Hunley on its final assignment, which turned out to be one of the most important missions in naval history. According to the legend, Dixon was in love with a beautiful young woman from Mobile, Alabama, named Queenie Bennett.
To keep her sweetheart safe from harm, Queenie gave George Dixon a gold coin, as a good luck charm. Again, according to the legend, George kept the coin with him always, in his pocket, rubbing it with his thumb while he dreamed of the day when he and Queenie would be reunited.
During the Battle of Shiloh, George was shot point blank. A bullet ripped into the pocket of his trousers and struck the center of the gold coin. The impact was said to have left the gold piece bent, with the bullet embedded in it. Queenie's good luck gift had saved his life.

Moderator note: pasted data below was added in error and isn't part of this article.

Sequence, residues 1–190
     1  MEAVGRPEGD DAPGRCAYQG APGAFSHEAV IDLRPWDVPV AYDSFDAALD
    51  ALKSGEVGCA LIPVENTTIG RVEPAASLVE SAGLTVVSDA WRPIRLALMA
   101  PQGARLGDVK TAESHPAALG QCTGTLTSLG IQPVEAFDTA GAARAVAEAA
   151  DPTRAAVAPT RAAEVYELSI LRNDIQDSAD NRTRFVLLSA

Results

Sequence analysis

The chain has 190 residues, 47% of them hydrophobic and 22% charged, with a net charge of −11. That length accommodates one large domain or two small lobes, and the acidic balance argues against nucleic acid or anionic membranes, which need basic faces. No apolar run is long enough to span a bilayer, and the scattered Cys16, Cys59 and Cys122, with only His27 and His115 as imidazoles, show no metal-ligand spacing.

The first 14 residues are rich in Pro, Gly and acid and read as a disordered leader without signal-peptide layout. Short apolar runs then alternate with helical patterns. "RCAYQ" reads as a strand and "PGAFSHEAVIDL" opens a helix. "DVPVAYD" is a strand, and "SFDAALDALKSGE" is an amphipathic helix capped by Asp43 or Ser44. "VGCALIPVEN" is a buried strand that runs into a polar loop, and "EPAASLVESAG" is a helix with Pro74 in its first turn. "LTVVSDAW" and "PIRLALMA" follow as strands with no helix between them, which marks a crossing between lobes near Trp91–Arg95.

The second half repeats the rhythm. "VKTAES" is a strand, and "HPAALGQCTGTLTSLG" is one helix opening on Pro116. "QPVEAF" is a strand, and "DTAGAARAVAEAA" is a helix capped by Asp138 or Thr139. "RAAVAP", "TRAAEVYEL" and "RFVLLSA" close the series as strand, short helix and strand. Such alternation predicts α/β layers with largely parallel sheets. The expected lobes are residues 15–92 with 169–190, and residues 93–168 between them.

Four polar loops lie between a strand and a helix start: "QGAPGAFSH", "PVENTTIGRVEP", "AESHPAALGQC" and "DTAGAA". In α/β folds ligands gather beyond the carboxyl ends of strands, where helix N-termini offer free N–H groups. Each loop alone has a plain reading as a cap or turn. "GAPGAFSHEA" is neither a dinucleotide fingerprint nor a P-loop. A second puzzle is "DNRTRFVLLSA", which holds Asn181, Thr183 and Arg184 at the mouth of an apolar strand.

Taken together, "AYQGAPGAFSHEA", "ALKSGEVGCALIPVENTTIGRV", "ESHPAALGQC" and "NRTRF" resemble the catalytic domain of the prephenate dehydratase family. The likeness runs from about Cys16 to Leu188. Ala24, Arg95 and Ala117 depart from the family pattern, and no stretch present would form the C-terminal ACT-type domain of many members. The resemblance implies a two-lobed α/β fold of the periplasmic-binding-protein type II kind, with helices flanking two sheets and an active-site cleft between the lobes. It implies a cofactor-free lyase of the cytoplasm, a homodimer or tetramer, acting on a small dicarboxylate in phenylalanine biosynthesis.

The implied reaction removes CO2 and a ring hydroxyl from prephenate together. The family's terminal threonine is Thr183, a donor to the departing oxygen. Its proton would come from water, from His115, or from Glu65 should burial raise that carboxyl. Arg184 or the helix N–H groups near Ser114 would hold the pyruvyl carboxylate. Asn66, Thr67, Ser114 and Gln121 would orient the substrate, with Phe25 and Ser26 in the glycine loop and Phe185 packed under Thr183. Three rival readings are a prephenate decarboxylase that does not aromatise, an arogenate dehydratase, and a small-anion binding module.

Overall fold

Many such legends were created during the war. Was this one true? For 137 years, no one knew whether the story was true or merely a romantic tale from long ago.
- Archaeologist Maria Jacobsen holding Dixon's gold coin. This photograph was taken only minutes after the coin's discovery.
During the excavation of the H.L. Hunley, the gold coin was discovered next to the remains of Lt. George Dixon. It was deeply indented from the impact of a bullet and traces of lead were discovered on the coin. The coin, a $20 dollar gold piece, was minted in 1860. One side bears an image of Lady Liberty. The other side, which has a federal shield-and-eagle symbol, had been sanded and inscribed by hand. It clearly bears four lines of cursive script with the following words:
April 6, 1862
My life Preserver
G. E. D.
The reverse side
Dixon's gold coin.
Maria Jacobsen, Senior Archaeologist on the Hunley project and the one who actually first found the coin, said shortly after her amazing discovery, "Some people may think this is a stroke of luck, but perhaps it's
something else. They tell me that Lt. Dixon was a lady's man, perhaps he winked at us yesterday to remind us that he still is."
Lt. Dixon's Gold Coin
Ezra Chamberlin's ID Tag